According to the "stressful" or "imperfect" environment theory, misconduct occurs because various institutional pressures, incentives, and constraints encourage people to commit misconduct, such as pressures to publish or obtain grants or contracts, career ambitions, the pursuit of profit or fame, poor supervision of students and trainees, and poor oversight of researchers (see Shamoo and Resnik 2015). Moreover, defenders of the stressful environment theory point out that science's peer review system is far from perfect and that it is relatively easy to cheat the system. Erroneous or fraudulent research often enters the public record without being detected for years. Misconduct probably results from environmental and individual causes, i.e. when people who are morally weak, ignorant, or insensitive are placed in stressful or imperfect environments. In any case, a course in research ethics can be useful in helping to prevent deviations from norms even if it does not prevent misconduct. Education in research ethics is can help people get a better understanding of ethical standards, policies, and issues and improve ethical judgment and decision making. Many of the deviations that occur in research may occur because researchers simply do not know or have never thought seriously about some of the ethical norms of research. For example, some unethical authorship practices probably reflect traditions and practices that have not been questioned seriously until recently. If the director of a lab is named as an author on every paper that comes from his lab, even if he does not make a significant contribution, what could be wrong with that? That's just the way it's done, one might argue. Another example where there may be some ignorance or mistaken traditions is conflicts of interest in research. A researcher may think that a "normal" or "traditional" financial relationship, such as accepting stock or a consulting fee from a drug company that sponsors her research, raises no serious ethical issues. Or perhaps a university administrator sees no ethical problem in taking a large gift with strings attached from a pharmaceutical company. Maybe a physician thinks that it is perfectly appropriate to receive a $300 finder&rsquos fee for referring patients into a clinical trial.

If "deviations" from ethical conduct occur in research as a result of ignorance or a failure to reflect critically on problematic traditions, then a course in research ethics may help reduce the rate of serious deviations by improving the researcher's understanding of ethics and by sensitizing him or her to the issues.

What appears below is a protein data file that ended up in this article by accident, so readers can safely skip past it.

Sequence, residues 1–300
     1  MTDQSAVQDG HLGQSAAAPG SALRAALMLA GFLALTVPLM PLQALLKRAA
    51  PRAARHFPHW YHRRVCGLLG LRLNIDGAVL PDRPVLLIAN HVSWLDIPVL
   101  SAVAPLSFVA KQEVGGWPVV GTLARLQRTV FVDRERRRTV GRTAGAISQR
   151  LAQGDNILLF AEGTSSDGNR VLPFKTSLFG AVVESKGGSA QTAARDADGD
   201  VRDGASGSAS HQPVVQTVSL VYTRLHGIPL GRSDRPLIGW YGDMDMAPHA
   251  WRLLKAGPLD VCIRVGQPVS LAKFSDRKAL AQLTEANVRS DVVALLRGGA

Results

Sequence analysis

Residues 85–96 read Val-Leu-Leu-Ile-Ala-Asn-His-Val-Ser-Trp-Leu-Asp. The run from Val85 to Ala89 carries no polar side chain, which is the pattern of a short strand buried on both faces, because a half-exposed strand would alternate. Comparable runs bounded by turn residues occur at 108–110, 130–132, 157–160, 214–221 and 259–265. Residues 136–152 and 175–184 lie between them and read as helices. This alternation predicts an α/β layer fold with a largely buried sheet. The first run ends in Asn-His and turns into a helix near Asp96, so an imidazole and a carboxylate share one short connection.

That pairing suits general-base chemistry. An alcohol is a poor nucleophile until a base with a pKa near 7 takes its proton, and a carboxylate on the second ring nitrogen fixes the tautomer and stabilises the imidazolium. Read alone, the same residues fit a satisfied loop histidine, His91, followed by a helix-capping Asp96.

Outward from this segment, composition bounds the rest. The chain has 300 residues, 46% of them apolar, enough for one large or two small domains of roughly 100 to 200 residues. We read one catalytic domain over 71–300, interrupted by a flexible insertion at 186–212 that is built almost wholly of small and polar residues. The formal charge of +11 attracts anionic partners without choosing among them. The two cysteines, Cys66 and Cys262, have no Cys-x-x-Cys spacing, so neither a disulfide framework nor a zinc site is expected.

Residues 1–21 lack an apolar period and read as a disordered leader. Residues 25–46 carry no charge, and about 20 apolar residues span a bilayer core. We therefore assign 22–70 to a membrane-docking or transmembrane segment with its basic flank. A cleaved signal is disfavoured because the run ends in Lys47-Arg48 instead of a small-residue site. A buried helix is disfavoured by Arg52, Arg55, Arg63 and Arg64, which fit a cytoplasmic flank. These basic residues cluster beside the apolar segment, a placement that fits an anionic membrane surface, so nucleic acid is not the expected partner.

Finally, education in research ethics should be able to help researchers grapple with the ethical dilemmas they are likely to encounter by introducing them to important concepts, tools, principles, and methods that can be useful in resolving these dilemmas. Scientists must deal with a number of different controversial topics, such as human embryonic stem cell research, cloning, genetic engineering, and research involving animal or human subjects, which require ethical reflection and deliberation.

Research Ethics Timeline

Note: This list is the author&rsquos own interpretation of some important events in the history of research ethics and does not include every event that some people might regard as important. I am open to suggestions for additions, revisions, etc.

Francis Bacon publishes The Novum Organon, in which he argues that scientific research should benefit humanity.

Galileo Galilea publishes his Dialogue on Two World Systems, in which he defends a heliocentric theory of the solar system, a view that contradicted the Catholic Church&rsquos position that the Earth does not move but that the Sun moves around it. In 1633, Galileo appeared before an inquisitor from the Catholic Church. He refused to recant his views and was sentenced to house arrest for the remainder of his life. The Church banned his book. In 1992, 359 years after Galileo&rsquos arrest, Pope John Paul II formally apologized for its treatment of Galileo.